English said in a statement that an over reliance on corn ethanol has "restricted the growth and maturation of the advanced biofuel industry, resulting in fewer environmental and economic benefits."

Renewable Fuels Association, which supports the ethanol industry, said this study by the University of Tennessee was "big-oil funded."

“Over the past decade the Renewable Fuel Standard has proven time and time again why it is our nation’s most successful energy policy,” Geoff Cooper, RFA senior vice president, said in a statement. “Its impact on our nation’s energy security, economy, and environment is unmatched. The RFS was passed by a bi-partisan Congress and signed into law by President George W. Bush with the goal of ensuring that biofuels have a place in a market that is overwhelmingly and unfairly dominated by Big Oil."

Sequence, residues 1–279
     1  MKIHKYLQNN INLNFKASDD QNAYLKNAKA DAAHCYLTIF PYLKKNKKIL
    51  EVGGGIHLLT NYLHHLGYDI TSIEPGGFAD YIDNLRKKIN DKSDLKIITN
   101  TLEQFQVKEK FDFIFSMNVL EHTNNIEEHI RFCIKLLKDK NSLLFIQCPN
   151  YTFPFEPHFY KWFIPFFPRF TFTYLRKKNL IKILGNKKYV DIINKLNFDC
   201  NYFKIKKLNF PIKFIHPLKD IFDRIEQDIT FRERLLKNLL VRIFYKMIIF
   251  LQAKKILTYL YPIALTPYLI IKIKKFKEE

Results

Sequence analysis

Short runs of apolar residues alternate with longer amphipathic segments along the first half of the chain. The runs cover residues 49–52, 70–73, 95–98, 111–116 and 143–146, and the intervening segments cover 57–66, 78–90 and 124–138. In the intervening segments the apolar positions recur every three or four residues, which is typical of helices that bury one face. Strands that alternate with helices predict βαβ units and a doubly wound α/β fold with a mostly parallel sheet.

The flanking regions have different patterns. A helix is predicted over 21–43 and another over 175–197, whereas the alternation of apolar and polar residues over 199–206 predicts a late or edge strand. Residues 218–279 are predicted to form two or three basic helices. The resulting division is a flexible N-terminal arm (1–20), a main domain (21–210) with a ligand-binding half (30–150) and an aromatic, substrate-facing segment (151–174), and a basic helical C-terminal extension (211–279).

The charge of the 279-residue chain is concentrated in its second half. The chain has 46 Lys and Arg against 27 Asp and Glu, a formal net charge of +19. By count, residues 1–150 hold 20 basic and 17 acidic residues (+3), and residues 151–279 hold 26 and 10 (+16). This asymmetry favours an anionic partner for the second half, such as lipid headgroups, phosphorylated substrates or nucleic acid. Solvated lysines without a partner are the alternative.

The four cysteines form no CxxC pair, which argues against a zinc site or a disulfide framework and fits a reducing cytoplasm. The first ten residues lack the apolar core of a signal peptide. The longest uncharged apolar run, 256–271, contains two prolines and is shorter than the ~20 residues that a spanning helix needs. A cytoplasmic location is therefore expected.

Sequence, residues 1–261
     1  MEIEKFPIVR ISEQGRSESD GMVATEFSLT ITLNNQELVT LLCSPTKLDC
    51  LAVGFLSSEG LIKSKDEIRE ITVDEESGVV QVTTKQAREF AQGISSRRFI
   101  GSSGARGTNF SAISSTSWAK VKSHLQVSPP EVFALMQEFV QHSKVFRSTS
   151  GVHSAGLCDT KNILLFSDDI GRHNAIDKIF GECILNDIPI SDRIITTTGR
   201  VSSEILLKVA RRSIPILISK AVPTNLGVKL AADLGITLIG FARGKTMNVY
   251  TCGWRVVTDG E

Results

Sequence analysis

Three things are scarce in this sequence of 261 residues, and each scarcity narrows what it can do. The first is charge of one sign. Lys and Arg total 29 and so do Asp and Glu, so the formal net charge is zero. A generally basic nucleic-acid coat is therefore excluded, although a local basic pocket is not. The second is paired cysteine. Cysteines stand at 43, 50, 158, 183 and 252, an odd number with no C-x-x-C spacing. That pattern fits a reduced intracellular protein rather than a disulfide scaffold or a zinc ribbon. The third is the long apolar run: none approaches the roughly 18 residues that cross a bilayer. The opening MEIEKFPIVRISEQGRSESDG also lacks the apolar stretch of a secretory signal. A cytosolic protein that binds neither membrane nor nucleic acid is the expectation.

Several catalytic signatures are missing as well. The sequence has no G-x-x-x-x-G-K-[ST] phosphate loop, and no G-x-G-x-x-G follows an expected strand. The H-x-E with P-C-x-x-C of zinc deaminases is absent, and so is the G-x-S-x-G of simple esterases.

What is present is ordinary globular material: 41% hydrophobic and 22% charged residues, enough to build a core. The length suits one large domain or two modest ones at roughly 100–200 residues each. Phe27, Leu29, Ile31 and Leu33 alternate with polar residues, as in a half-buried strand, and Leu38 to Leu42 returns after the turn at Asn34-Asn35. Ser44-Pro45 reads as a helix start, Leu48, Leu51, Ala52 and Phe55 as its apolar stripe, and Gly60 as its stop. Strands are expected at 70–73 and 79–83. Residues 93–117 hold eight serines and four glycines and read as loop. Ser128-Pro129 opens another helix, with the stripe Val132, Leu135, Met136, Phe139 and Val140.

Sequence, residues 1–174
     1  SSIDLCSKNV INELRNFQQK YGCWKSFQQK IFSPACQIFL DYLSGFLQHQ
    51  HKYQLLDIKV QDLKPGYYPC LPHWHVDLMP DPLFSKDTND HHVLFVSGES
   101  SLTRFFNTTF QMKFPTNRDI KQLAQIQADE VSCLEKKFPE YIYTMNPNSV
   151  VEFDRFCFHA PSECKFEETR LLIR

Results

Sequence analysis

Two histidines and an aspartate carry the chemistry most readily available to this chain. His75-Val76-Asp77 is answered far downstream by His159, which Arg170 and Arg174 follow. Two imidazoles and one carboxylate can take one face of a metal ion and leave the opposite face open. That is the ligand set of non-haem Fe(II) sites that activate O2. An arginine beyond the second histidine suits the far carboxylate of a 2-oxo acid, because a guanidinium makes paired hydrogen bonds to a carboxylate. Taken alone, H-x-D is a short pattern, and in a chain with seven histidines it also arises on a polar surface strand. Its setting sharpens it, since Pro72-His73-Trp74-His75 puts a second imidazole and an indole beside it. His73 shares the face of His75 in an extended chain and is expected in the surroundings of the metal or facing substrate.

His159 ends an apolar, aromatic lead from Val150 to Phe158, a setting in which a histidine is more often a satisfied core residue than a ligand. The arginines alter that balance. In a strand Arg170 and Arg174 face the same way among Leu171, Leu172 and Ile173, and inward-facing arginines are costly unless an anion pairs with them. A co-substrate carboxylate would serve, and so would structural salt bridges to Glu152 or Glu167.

The same week this report was released, the EPA’s Office of Inspector General announced that it would conduct research on the lifecycle impact of the RFS.

The inspector general's audit will determine whether the EPA "complied with the reporting requirements of laws authorizing the Renewable Fuel Standard" and if it "updated the lifecycle analysis supporting the RFS with findings from the statutorily mandated National Academy of Sciences" in 2011.

In 2011, the NAS released a study that found not only were the policies "ineffective...for reducing global GHG emissions," but they were unlikely to meet several other targets in advanced biofuel production, among other things.

"Only in an economic environment characterized by high oil prices, technological breakthroughs, and a high implicit or actual carbon price would biofuels be cost competitive with petroleum-based fuels," NAS stated.

On Nov. 30, the EPA is expected to finalize volume requirements for the Renewable Fuel Standards for 2014 and 2015. It proposed lowering these requirements, compared to the current law, earlier this year.